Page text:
A charming trip down the rabbit hole in Chalice Theatre’s ‘Alix in Wonderland’

The musical suggests that no one needs to be defined or committed to a single definition of gender.

In 1865, Lewis Carroll created the classic children’s tale, Alice in Wonderland, a journey into a fantasy world of kooky creatures that exhibit traits of both good and bad in their examples of human character. Norman Allen, along with Buzz Mauro, co-founder and co-executive director of The Theatre Lab, created Alix in Wonderland: A Gender Journey Down the Rabbit Hole, a world premiere musical, as part of its Summer Musical Institute for Teens program. Chalice Theatre’s production is both charming and poignant.

Emily Lachow as Alix in Chalice Theatre’s ‘Alix in Wonderland: A Gender Journey Down the Rabbit Hole.’ Photo by Liz Albro.

As the show begins, the audience is struck by the sweetness of character and lovely vocals of Emily Lachow as she lets us in on her ever-present dilemma, “Who Are You?” as Alix, “spelled with an X.” Thus begins her personal journey of self-discovery as she tumbles down the rabbit hole to meet characters that are familiar, but not quite what we remember. Lachow is both enchanting and moving in her portrayal as she draws the audience into an unbelievably believable world.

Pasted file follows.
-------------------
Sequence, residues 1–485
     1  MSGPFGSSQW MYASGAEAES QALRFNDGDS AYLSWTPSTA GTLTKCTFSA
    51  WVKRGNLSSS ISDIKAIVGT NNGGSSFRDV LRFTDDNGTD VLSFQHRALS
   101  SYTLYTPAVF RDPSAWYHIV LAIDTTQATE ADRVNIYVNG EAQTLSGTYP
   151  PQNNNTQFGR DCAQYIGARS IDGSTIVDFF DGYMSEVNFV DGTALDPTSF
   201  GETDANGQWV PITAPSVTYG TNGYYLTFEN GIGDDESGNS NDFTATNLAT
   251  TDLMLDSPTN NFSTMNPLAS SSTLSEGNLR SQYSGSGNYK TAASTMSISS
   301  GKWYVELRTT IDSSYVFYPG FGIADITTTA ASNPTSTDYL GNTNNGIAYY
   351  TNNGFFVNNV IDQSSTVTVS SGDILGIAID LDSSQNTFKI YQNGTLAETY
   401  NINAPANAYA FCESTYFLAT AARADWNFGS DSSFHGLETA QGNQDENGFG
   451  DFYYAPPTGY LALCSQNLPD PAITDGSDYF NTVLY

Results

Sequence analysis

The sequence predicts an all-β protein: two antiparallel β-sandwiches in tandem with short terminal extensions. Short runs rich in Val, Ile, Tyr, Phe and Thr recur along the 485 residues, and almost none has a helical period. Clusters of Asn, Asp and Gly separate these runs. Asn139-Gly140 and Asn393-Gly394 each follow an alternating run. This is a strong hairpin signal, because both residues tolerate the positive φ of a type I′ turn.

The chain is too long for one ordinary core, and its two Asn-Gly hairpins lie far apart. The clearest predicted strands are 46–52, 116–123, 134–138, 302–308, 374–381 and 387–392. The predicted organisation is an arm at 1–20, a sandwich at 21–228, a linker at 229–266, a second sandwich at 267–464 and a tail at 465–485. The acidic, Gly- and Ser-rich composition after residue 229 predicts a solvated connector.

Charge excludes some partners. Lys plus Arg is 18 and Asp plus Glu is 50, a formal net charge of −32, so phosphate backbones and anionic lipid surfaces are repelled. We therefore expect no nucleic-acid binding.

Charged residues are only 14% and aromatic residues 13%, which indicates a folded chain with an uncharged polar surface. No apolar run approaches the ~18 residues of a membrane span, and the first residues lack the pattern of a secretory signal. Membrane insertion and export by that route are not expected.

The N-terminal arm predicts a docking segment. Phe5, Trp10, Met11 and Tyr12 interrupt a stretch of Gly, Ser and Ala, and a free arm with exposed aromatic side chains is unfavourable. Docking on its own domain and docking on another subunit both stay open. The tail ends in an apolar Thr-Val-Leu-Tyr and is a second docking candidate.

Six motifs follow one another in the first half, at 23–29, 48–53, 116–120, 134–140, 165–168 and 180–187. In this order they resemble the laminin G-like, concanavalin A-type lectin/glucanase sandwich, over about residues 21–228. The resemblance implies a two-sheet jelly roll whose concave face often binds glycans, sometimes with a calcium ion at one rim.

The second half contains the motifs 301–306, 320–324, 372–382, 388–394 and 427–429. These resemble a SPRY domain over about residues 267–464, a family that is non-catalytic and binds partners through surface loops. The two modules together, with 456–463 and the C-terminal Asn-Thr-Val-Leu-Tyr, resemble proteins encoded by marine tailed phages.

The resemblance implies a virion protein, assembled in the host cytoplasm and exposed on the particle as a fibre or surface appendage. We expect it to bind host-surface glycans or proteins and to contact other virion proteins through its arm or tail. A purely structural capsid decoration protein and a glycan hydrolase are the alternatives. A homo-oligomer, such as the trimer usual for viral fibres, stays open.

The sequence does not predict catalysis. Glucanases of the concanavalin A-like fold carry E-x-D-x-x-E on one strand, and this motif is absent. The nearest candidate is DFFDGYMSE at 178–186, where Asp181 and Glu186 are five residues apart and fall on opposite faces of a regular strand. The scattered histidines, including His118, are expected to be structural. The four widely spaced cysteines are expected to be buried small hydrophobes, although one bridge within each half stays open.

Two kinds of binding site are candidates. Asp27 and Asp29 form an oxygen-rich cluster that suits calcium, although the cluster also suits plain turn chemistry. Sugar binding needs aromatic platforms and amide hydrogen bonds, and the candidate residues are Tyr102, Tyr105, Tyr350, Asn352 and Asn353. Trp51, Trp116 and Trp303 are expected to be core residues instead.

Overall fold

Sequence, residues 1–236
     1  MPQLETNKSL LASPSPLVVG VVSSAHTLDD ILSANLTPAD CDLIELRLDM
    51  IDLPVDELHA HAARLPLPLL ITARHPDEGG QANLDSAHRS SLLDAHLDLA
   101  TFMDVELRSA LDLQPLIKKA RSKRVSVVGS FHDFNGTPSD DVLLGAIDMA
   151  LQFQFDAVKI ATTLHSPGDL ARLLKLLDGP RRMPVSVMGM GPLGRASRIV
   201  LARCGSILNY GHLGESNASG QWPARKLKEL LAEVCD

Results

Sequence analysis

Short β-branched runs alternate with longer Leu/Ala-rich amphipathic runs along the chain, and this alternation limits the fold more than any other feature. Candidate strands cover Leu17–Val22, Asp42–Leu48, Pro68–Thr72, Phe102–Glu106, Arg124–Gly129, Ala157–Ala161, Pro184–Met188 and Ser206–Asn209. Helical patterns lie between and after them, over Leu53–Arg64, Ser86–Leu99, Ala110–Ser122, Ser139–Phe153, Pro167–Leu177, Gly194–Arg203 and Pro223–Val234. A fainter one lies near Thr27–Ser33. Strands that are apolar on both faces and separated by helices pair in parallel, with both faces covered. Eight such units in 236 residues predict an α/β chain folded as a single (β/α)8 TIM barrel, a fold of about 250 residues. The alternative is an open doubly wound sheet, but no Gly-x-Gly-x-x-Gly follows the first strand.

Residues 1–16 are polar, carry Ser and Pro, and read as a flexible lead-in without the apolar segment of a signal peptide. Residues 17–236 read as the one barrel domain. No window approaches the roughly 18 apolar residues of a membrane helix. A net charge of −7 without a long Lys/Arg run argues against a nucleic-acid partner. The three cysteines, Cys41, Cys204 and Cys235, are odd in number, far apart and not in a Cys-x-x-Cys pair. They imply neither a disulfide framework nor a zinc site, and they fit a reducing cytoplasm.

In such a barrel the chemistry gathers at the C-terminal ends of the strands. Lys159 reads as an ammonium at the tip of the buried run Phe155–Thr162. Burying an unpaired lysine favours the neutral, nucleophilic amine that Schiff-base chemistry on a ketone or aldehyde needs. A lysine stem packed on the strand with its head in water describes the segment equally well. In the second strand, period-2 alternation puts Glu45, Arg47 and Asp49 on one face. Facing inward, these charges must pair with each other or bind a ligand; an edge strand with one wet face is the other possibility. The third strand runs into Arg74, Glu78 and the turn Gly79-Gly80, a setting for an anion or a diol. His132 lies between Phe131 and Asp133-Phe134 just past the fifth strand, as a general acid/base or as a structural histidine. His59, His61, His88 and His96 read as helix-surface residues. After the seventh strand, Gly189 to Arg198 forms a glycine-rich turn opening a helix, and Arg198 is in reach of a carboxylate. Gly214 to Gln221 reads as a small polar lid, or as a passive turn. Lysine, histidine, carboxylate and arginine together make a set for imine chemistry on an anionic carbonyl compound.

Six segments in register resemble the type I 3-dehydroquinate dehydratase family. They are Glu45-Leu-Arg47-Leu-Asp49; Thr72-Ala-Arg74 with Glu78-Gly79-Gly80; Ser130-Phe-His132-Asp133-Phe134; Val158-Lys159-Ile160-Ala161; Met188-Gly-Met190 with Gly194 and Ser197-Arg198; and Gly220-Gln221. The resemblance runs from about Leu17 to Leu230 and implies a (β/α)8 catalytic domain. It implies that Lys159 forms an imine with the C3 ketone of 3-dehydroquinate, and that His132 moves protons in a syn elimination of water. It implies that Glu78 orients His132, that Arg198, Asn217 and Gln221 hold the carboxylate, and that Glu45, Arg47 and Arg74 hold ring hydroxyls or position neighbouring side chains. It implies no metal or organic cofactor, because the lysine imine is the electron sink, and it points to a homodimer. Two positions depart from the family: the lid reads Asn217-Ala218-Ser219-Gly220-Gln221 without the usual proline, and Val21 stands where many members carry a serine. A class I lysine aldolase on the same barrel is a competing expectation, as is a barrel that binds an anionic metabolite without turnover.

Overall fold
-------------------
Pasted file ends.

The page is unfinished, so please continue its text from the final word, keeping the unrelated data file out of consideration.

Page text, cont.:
What’s interesting is that the show and its characters seems to question gender roles, but not in an obvious way. Some literary critics have analyzed Lewis Carroll’s story as representative of a child’s struggle to understand the confusing world of adults, and that Alice has to overcome the open-mindedness characteristic of children. Yet this musical seems to convey quite the opposite. Alix’s journey comes full circle as the show provides the message that perhaps no one need be defined or committed to a single definition.

Director Eddie Page provides a supportive cast with solid performances. Mac Nowalk as the White Rabbit gives the character an earnestness of heart as he pops in and out of the adventure. Charlie Boone as the excitable Mad Hatter gives an energetic performance. Melissa Dyer is appropriately creepy as the Cheshire Cat, and Ashleigh Mataya and Rob Albro as Tweedledum and Tweedledee are quite amusing. The Caterpillar, played by Brian Delp, is as cool as cool can be. An honorable mention definitely has to go to the Doormouse, played adorably by Grey Lehman. Additionally, Michelle Harris’s costume design is creative and original.

Running Time: 90 minutes, with one intermission.

Alix in Wonderland: A Gender Journey Down the Rabbit Hole runs through March 7 at Unitarian Universalist Church of Arlington – 4444 Arlington Boulevard, in Arlington, VA. Tickets can be purchased online.


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